“So you are still going? How am I supposed to talk to you so far away?”
“I got the hookup from the boys in J-town, mom. They were so happy to stop losing races to me and Aurore, they practically paid for this intra-galaxy comm themselves. They say IGCs get reception anywhere.”
“Okay, Meli. I’m just going to miss you so much.”
“I will miss you, too, but I will be home soon, and with the money they pay me, you won’t have to worry about my schooling, or my tools, or paying for the house, Mom.”
We talked a little longer but I don’t remember what about. I just remember that, in that call, I felt like our family was whole again, and I was saying goodbye to them.
It took me a few minutes to gather myself after we hung up. Family was everything to me, but this was something I had to do.
I grabbed my tool pack and stuffed it into the bottom of the bag of clothes I was allowed to take with me. I walked to the door, flipped off the shop lights and blew a kiss at Aurore.
“I’m coming back for you.”
My ride was waiting right outside the door as I locked up. My favorite cousin, Johnny, leaned back in the driver seat, smiling.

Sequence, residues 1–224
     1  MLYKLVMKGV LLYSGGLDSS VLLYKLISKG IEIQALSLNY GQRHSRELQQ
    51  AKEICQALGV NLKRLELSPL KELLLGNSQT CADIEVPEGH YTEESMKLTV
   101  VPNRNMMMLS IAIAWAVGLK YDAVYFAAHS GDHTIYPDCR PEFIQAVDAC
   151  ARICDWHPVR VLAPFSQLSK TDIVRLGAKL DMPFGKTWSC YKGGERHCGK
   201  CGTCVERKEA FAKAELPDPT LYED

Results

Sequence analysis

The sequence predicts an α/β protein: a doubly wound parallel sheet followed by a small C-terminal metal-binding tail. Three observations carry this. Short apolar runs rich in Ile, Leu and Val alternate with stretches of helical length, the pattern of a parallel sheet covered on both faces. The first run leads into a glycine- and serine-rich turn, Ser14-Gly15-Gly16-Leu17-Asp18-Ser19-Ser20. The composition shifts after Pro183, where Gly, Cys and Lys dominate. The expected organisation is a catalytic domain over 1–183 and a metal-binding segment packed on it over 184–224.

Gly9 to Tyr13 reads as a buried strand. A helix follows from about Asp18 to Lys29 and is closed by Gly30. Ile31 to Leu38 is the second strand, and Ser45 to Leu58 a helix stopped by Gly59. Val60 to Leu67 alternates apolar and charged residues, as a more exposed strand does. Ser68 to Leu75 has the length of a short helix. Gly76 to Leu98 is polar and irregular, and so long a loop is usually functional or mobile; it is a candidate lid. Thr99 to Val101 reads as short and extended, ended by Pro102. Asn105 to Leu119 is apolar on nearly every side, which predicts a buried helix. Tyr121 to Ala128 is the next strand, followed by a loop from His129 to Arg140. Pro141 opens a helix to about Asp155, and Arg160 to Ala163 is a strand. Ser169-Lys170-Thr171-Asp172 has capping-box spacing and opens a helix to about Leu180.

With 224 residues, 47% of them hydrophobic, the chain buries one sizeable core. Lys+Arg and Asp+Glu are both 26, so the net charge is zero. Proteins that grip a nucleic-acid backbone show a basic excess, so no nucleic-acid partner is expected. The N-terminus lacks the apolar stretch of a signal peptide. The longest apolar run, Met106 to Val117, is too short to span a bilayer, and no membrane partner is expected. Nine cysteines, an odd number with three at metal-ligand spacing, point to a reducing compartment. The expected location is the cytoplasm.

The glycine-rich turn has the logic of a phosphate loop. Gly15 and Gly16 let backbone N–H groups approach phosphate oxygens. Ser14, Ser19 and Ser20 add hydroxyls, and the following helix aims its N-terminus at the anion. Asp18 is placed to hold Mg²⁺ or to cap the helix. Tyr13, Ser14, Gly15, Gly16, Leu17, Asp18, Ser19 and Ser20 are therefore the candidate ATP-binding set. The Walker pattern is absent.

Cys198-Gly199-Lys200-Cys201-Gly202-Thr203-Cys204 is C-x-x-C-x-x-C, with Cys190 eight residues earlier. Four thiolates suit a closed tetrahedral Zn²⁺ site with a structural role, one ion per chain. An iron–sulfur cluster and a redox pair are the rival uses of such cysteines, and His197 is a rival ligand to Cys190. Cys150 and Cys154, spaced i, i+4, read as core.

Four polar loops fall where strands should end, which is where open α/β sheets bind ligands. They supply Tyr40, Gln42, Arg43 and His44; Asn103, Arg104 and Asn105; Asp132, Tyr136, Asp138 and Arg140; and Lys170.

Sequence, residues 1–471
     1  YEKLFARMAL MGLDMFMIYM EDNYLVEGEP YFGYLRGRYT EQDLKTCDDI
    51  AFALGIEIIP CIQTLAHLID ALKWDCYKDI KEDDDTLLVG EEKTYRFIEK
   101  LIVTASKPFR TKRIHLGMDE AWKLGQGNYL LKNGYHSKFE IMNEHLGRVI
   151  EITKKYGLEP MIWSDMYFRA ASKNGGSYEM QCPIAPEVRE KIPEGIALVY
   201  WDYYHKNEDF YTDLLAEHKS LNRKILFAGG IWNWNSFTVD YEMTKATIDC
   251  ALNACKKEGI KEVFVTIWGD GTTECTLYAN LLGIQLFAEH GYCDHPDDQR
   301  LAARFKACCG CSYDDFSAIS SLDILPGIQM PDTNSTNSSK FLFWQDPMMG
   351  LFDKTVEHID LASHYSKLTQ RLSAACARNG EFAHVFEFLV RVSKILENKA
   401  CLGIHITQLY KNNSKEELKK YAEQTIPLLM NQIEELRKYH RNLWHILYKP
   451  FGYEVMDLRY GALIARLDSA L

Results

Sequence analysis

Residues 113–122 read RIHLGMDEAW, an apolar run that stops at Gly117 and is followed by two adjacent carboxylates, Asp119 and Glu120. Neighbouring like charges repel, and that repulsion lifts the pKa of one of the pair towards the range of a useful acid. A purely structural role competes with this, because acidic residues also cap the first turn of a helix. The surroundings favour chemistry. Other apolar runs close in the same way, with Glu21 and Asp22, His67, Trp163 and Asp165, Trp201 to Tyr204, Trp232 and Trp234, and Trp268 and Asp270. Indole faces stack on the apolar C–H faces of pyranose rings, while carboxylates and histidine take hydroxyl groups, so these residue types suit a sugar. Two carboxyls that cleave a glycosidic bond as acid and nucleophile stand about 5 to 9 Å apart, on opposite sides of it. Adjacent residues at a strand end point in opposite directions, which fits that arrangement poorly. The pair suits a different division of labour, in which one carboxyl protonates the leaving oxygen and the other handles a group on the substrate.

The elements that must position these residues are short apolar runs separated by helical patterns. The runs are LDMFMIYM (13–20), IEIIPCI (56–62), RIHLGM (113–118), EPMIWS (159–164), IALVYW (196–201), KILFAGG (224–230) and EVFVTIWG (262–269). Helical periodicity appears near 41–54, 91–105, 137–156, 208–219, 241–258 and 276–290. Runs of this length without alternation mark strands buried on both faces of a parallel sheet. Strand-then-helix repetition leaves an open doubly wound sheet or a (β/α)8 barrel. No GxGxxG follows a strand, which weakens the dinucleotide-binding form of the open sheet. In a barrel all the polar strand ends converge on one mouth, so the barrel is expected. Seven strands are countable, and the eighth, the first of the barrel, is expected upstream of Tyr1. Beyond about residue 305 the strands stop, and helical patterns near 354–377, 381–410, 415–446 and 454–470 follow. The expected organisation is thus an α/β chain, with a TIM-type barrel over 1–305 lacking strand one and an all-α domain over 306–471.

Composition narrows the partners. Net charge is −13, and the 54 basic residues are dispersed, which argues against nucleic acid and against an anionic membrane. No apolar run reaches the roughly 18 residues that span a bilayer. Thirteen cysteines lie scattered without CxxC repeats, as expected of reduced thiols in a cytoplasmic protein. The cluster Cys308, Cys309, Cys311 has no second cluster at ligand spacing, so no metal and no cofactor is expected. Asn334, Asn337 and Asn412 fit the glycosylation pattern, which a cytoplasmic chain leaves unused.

“Hey Mel. I thought this would be better than a limo to drop you off.”
His lowrider was one of those giant cars from the 1970’s with a hood you could land aircraft on. It was painted green with gold metal flake, gold trim, with a white, leather interior, and stood about a half inch above the ground.
“Oh, my God, Johnny. For reals?”
“Well yeah, ‘cuz. This one has an Aztec mural of a virgin sacrifice, so I thought it would be like, appropriate and shit. You know?”
I couldn’t help but laugh as I slid into the passenger seat. We made jokes and laughed all the way to the testing facility.
I knew Johnny would make me laugh so hard I wouldn’t change my mind and chicken out. That’s why I had asked him to take me. If it had been my mom, I wouldn’t make it out of the car.